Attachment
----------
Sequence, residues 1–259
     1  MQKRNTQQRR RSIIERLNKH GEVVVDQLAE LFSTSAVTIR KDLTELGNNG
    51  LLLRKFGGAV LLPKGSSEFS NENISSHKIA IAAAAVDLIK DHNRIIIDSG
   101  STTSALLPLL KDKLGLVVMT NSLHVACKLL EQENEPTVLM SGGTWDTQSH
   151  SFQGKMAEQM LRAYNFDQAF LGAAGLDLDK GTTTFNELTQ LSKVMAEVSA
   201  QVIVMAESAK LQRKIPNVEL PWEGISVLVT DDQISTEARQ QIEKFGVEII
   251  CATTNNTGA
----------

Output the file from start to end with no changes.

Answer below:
Sequence, residues 1–259
     1  MQKRNTQQRR RSIIERLNKH GEVVVDQLAE LFSTSAVTIR KDLTELGNNG
    51  LLLRKFGGAV LLPKGSSEFS NENISSHKIA IAAAAVDLIK DHNRIIIDSG
   101  STTSALLPLL KDKLGLVVMT NSLHVACKLL EQENEPTVLM SGGTWDTQSH
   151  SFQGKMAEQM LRAYNFDQAF LGAAGLDLDK GTTTFNELTQ LSKVMAEVSA
   201  QVIVMAESAK LQRKIPNVEL PWEGISVLVT DDQISTEARQ QIEKFGVEII
   251  CATTNNTGA